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Schudson chapter 5 – objectivity, news management, the critical culture

Posted by: | December 8, 2009 | No Comment |

In the fifth chapter of Schudson’s book, Discovering the News, he writes of the roles of objectivity, news management, and the critical culture that arose in journalism around World War I and beyond.


Schudson details that around the 1930s, many journalists began to find fault with the ideals of objectivity and instead wanted to dig more into their stories, to find what they believed to be the real truth.  This caused some conflict among the more “Old Guard” reporters who felt that objectivity was still something to reach for, not something that should be thrown aside.

What the younger reporters who fought against the ideals of objectivity did not realize, as Schudson writes, is that, in not being objective, they themselves often “were “political” unwittingly or even unwillingly.” (Schudson 162)  Essentially, in not striving to be at least somewhat objective, they opened themselves up to being affected by their own biases.

News Management

U-2 plane

In a bit of a connection to objectivity is the management of news by the government that Schudson writes of.  Schudson details a number of cases where journalists knew that the government at the time was telling a lie, such as the involvement of the U-2 flights over the former USSR.  They simply accepted what the government handed them and printed it.  This is especially obvious in the case with Senator McCarthy.  There were some that actually questioned what McCarthy said, did some honest-to-god research and investigation, but they were in the minority and not often read.

The reason for this, as Schudson writes that Douglass Cater said, is that many thought of this interpretative reporting as “the writer’s private property.”  (Schudson 168)  Essentially, even though it may be telling the truth, people did not wholly buy what these investigative reporters were putting out, thinking that they may be biased or otherwise misinterpreting the information.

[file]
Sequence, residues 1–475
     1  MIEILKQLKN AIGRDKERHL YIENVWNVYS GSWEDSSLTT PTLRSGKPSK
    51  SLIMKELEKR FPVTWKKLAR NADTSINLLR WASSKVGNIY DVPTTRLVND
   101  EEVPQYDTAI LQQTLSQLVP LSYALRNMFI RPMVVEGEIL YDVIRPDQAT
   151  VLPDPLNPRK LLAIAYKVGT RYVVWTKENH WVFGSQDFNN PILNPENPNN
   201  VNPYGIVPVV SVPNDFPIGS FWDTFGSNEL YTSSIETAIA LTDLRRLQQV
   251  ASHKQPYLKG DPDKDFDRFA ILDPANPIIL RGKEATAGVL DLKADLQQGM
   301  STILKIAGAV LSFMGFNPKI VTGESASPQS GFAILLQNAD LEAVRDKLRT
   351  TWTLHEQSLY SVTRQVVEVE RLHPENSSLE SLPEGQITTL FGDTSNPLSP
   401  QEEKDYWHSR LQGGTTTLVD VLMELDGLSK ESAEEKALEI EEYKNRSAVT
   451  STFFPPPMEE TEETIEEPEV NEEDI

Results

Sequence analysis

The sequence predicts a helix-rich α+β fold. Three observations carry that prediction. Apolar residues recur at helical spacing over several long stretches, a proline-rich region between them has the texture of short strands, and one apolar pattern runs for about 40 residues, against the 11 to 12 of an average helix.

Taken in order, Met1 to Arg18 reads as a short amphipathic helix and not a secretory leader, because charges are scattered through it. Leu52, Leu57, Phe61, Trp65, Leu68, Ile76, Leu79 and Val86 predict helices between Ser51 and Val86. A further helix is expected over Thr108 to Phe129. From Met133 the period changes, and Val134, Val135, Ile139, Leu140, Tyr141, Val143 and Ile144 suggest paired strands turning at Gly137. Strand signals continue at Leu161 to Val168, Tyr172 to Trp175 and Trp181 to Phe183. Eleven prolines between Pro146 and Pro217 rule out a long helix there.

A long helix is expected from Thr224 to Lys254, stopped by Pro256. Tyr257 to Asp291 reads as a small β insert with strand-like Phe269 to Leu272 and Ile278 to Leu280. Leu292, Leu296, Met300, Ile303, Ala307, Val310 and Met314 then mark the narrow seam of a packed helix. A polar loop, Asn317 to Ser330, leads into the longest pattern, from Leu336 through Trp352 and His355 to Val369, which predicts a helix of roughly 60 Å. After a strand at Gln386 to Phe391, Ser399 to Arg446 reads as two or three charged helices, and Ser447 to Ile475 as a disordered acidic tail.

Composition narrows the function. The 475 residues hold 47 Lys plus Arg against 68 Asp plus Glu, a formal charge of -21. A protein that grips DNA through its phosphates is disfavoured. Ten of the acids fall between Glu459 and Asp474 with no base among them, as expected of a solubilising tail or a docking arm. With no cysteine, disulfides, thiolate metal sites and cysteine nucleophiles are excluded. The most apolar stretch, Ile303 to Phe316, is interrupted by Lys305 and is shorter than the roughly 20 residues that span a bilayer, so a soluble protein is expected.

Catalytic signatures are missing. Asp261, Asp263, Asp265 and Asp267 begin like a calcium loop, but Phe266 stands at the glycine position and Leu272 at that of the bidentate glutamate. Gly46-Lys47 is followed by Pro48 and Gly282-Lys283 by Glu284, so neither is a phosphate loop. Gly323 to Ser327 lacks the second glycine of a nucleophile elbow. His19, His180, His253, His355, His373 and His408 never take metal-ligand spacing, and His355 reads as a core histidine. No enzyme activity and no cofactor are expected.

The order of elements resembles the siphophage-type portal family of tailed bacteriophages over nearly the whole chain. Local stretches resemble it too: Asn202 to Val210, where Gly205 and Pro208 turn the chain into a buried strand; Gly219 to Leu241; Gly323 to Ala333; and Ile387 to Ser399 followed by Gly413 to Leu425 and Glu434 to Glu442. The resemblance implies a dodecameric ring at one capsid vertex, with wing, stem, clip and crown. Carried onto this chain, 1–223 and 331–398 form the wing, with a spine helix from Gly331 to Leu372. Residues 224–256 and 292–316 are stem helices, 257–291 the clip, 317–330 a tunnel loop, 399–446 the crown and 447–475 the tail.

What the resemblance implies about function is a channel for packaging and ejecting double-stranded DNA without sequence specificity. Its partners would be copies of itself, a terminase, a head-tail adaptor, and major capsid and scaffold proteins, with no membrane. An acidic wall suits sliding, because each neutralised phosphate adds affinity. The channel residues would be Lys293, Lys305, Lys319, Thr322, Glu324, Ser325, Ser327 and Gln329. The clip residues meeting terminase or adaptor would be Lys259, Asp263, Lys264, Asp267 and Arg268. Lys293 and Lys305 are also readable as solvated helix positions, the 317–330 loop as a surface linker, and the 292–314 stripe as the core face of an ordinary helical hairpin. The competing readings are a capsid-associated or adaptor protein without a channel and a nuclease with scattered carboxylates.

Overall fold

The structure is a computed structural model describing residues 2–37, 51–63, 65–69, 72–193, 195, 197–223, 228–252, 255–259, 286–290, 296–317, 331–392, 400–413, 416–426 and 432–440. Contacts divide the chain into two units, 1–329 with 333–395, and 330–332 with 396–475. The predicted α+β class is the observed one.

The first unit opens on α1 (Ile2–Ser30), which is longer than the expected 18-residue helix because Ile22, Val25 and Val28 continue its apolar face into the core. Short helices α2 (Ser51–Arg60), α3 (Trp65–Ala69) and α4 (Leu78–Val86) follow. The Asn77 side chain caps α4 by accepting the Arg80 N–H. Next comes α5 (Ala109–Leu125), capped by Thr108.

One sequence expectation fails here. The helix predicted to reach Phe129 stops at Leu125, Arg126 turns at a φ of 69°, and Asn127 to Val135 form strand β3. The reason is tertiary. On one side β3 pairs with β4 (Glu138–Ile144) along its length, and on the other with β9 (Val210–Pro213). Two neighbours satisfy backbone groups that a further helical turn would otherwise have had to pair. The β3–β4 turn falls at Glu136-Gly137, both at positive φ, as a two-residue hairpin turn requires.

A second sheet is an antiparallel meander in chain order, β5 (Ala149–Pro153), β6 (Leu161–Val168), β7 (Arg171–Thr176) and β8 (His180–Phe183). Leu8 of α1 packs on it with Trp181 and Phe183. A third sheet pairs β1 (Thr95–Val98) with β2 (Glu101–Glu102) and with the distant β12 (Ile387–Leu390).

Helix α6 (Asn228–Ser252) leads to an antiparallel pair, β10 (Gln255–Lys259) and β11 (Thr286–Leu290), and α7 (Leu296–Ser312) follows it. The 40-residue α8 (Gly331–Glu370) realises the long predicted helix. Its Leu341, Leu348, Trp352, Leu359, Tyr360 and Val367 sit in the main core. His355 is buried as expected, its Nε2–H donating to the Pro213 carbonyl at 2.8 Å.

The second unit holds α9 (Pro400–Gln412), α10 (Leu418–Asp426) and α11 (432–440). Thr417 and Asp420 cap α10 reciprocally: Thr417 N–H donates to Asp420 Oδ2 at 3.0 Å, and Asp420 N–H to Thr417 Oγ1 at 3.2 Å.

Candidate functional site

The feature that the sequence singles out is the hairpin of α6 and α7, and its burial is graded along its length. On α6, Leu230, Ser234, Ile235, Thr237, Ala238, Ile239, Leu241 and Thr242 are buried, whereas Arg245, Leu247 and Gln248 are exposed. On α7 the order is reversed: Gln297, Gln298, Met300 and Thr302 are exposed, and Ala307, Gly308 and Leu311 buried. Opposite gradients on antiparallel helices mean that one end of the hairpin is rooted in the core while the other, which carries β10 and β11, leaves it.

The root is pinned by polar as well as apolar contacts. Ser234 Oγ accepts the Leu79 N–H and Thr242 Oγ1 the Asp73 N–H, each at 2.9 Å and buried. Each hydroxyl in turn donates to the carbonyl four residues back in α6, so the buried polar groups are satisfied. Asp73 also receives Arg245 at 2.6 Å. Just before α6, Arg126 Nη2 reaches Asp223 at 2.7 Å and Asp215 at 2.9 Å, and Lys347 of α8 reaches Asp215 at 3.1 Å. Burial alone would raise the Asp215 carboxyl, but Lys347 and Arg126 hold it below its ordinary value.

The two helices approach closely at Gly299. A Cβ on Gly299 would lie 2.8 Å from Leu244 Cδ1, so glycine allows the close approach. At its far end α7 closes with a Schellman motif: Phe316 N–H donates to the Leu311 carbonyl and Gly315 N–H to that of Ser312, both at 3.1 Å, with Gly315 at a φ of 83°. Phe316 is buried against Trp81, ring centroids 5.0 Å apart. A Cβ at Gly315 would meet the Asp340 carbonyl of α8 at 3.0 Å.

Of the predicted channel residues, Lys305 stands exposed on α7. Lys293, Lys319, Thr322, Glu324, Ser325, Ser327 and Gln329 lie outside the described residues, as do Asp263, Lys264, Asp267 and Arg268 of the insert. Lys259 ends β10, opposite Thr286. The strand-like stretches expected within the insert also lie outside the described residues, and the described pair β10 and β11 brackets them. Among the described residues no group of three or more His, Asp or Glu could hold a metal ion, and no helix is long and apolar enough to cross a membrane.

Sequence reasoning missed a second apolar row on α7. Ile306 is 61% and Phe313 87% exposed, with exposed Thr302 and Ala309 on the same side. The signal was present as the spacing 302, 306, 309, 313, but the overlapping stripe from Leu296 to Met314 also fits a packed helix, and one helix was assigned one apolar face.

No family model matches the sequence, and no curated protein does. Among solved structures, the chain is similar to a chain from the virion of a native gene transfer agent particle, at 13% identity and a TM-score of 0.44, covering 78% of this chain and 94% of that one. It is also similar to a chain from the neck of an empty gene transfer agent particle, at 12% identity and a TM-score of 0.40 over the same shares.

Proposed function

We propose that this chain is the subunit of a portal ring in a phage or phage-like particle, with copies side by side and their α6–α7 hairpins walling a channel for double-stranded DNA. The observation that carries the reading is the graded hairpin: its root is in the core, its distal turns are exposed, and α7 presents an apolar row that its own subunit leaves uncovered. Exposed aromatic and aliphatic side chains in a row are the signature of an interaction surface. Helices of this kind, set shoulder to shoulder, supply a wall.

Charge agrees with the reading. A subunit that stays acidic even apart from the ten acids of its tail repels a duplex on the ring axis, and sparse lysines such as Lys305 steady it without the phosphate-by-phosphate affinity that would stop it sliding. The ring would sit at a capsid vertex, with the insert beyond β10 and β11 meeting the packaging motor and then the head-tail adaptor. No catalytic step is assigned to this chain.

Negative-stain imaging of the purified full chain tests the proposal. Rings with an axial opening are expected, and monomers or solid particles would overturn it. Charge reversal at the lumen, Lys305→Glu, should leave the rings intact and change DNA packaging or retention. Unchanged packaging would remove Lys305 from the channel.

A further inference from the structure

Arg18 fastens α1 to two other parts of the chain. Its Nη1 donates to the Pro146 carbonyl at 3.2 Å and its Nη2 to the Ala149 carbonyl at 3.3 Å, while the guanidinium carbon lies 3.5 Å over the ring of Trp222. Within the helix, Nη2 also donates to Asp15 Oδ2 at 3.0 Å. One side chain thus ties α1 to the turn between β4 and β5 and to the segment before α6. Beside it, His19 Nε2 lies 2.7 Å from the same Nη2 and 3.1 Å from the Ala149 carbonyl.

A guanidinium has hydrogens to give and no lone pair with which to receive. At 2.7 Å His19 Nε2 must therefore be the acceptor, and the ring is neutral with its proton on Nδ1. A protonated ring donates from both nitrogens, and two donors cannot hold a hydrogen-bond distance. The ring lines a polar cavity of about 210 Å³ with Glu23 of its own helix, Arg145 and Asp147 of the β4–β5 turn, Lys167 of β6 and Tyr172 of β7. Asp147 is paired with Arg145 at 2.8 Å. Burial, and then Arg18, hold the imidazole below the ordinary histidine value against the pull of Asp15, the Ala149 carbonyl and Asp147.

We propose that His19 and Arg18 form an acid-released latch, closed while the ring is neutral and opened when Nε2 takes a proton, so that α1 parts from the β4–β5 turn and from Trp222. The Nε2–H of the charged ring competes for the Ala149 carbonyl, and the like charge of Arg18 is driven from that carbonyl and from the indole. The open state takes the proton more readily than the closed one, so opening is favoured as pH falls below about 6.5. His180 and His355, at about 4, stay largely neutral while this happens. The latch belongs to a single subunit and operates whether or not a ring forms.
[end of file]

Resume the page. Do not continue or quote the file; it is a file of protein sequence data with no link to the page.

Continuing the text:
It is amusing to note what brought the journalism industry to put a foot down to being controlled by the government.  In brief, the government acted as gatekeepers to information and only released what they wanted to be known, as has been previously said.  Most journalists went along with this act, knowing the truth but putting out what the government wanted.  To these journalists, this was fine and dandy, so long as they (the journalists) knew the truth, even if it was hidden from the reading public.

What brought a major shock to journalists whas what Arthur Sylvester, a spokesman for the Pentagon under both presidents Kennedy and Johnson, said.  He said that “I think the inherent right of the government to lie…is basic.”  (Schudson 171-172)  Journalists felt threatened, realizing that they were simply a tool of the government at that time, not what they likely thought of to be an equal partnership (or if not equal, then semi-equal).  This, coupled with the exposure of lies and all the hubbub surrounding Vietnam, lead to the third part of the chapter.

Critical Culture

As was often the trend of the younger set around the time of the war in Vietnam, people began to question everything, be critical of everything.  It led to journalists delving into stories more, trying to find the truth behind the lie.  And as journalists did just that, it led to an upsurge in people watching.  No longer was it simply a visual radio, reciting what was said.  Now it had a face, now it had a story to tell all its own.

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